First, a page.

By Stephen Griffith

Editor's info
Fasten your seat belt, please. Get ready for the full tilt, barely tamed, beautiful monster that is Gard Nilssen’s sixteen-piece Supersonic Orchestra. Audacious and experimentalist, like everything the Norwegian drummer and composer touches, Supersonic flouts convention and, in particular, realigns the longstanding relationship between pre-composition and improvisation in orchestral jazz. If You Listen Carefully The Music Is Yours, its debut, was recorded live at the adventurous Molde International Jazz Festival in 2019, where Nilssen was Artist in Residence. The band’s uniquely configured, all-star lineup features three drummers, three double bassists and ten horn players, most of them saxophonists. It is a big band, Jim, but not as we know it.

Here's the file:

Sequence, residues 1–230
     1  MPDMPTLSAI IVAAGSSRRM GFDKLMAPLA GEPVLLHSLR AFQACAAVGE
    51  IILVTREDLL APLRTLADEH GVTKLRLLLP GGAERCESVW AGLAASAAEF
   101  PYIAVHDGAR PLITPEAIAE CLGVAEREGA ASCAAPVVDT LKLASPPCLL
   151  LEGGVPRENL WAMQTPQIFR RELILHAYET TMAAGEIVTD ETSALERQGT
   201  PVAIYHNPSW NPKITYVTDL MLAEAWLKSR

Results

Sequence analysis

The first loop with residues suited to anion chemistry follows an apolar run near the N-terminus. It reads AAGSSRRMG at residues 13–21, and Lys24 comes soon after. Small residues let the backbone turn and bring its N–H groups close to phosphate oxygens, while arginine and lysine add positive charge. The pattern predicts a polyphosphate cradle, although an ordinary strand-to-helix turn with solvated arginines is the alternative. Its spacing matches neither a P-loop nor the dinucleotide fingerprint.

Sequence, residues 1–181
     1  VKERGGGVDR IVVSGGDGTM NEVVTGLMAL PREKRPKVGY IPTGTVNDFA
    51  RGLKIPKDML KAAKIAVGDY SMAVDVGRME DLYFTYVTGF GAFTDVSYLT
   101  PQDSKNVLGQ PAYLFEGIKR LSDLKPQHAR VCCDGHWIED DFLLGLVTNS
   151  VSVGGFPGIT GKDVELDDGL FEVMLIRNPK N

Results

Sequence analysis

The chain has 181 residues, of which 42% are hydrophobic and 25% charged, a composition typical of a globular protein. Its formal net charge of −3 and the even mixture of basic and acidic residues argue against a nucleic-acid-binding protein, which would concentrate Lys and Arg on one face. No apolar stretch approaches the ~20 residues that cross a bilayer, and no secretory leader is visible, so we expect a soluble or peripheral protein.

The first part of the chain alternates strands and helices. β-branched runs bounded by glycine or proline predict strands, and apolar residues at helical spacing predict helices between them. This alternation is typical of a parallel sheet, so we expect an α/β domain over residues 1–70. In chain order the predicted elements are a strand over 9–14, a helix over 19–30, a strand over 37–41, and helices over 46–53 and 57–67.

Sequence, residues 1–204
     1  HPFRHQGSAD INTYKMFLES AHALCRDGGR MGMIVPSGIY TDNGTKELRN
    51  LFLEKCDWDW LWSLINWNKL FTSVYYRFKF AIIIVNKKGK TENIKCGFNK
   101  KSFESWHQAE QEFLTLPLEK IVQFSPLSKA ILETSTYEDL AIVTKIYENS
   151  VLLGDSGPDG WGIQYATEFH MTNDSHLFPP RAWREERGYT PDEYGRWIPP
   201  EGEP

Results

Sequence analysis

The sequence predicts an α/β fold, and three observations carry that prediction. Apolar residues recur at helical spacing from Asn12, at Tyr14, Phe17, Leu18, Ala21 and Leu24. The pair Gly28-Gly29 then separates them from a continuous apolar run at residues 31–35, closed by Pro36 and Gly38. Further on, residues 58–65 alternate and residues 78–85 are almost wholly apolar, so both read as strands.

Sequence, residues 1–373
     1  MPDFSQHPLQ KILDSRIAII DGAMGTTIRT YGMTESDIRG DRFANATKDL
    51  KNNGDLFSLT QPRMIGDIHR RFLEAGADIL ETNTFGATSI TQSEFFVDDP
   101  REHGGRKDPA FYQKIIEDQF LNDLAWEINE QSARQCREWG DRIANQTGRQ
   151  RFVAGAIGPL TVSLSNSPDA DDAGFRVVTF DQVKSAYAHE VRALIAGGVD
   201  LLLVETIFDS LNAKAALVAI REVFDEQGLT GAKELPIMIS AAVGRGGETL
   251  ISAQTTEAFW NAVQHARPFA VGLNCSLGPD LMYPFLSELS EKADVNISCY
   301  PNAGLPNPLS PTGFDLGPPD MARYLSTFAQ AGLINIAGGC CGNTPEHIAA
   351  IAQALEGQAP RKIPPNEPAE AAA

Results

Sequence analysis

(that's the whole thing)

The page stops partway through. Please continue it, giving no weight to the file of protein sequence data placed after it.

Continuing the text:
Extraordinarily prolific, Nilssen has since 2007 recorded over seventy albums, most of them with small groups such as the trios Acoustic Unity, Bushman’s Revenge and Amgala Temple. A handful have been made with big bands: three with the acclaimed Trondheim Jazz Orchestra (Happy Endlings, Savages and Lion), one with Zanussi Thirteen (Live).
Nilssen started playing drums practically before he was able to talk, and despite the dominance of small groups in his discography, his formative listening and performing experiences were with larger ensembles.
“I began drumming when I was two,” says Nilssen. “My father, grandfather, uncle and two cousins played drums. There were drums everywhere. It was a jazz-loving family and I grew up listening to the classic big-band format with Count Basie. I’ve always loved the sound of a big band.” Jo Jones, drummer with the Basie orchestra from 1934 – 1948, is still one of Nilssen’s favourite musicians.